As rose overcomes its cloying reputation, more and more wine drinkers are discovering that, just as with reds and whites, there’s a rose for everyone.

We sometimes think of rose wines as dainty, low-alcohol summer sipping wines, but this isn’t always the case. Roses can be robust, high-alcohol wines equal to many full-bodied cabernet sauvignons, topping 14.5 percent alcohol.

In determining which style of rose is best for you, it’s important to look at its composition.


One of my favorite vineyard memories is sitting on the deck overlooking Presqu’ile Winery’s Santa Maria Valley vineyards sipping their rose. We generally don’t think of pinot noir as a grape variety for rose. But it only takes one taste of Presqu’ile’s expression to bring you to a new love of rose. Made using 100 percent pinot noir from their vineyards, Presqu’ile makes its rose using the direct pressing method, fermented by native yeasts and aged 6 months in stainless steel.

  • 2016 Presqu’ile Vineyard Rose of Pinot Noir, California (about $20 retail)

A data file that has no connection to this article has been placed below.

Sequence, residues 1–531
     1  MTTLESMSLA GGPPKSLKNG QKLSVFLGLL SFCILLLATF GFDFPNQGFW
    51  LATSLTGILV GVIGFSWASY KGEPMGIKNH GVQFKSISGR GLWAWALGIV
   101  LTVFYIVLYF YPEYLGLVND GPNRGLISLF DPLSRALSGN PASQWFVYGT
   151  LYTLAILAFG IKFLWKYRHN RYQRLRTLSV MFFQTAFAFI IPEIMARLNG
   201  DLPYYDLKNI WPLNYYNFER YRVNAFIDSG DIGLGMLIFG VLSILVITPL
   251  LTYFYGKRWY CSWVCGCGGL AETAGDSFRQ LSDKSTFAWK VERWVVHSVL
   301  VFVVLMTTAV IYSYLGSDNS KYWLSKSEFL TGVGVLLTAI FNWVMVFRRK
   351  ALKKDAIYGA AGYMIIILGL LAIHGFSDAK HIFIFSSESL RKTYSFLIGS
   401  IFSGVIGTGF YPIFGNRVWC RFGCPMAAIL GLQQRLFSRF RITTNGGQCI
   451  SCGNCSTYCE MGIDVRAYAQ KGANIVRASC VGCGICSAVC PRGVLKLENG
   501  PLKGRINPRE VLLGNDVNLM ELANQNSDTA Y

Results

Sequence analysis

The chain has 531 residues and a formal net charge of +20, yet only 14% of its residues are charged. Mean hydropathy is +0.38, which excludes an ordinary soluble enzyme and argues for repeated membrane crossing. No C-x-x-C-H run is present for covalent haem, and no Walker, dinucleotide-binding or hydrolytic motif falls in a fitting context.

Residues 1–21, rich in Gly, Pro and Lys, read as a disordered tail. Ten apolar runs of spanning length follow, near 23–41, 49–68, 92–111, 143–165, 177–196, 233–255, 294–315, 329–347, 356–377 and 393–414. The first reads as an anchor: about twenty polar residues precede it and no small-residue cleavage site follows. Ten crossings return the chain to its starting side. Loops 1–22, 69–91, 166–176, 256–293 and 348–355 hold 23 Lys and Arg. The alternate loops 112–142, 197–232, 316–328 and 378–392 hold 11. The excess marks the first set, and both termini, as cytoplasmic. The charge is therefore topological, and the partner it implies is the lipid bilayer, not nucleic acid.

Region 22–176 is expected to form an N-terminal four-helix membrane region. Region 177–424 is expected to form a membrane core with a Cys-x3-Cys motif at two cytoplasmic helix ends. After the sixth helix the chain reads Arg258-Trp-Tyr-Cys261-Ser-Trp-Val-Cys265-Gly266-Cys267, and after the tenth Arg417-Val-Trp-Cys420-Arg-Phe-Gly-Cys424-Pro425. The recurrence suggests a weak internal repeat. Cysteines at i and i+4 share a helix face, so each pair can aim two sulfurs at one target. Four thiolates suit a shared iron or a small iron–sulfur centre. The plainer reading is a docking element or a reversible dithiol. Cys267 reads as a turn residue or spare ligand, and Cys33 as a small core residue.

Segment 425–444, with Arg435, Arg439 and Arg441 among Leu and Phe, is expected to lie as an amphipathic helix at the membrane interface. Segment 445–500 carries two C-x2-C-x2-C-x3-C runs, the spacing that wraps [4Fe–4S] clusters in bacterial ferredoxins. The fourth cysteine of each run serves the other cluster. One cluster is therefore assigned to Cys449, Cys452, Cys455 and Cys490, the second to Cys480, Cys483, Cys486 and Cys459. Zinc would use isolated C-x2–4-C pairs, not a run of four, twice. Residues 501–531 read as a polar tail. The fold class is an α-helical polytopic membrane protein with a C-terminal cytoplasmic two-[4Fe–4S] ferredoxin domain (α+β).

For those thinking of rose as a “ladies who lunch” kind of drink or the sweet syrup mixture popularized in the 1970s and ’80s, then it’s time you meet Tavel rose. The Tavel AOC (Appellation d’Origine Controlee) is in France’s southern Rhone wine region. It is France’s only region that exclusively produces rose wine. It is legend on its own, but it was also said to be one of Ernest Hemingway’s favorite wines. Hemingway is often thought of as a man’s man, and this expression of rose definitely falls at the masculine end of the spectrum. Made primarily from Grenache and cinsualt, these dry wines have more body and complexity than other roses and are often compared to red wines with less color.

  • 2016 Chateau D’ Aqueria Tavel Rose, France (about $22 retail)



White Zinfandel is perhaps the best known and most popular rose wine in America. These wines not only account for the most sales by volume for rose, but also represent over half of all zinfandel production. Aromas of strawberry, cotton candy, sweet melon as well as high acidity are in line with the American palate, making white zinfandel a popular, refreshing summer drink.

There is a world of difference in how the zinfandel grape for red wine (high alcohol, jammy, peppery full-bodied wines) are brought to market versus rose. The name “white zinfandel” was coined by Bob Trinchero of Sutter Home in the 1970s after a zinfandel vat of juice became “stuck” during fermentation. (If the juice does not fully become overtaken by the yeast and ferment to dry, the sugars are not converted and it leaves a sweetness to the wine.) Rather than see a glass empty, he decided on half full and today we have “white zinfandel.”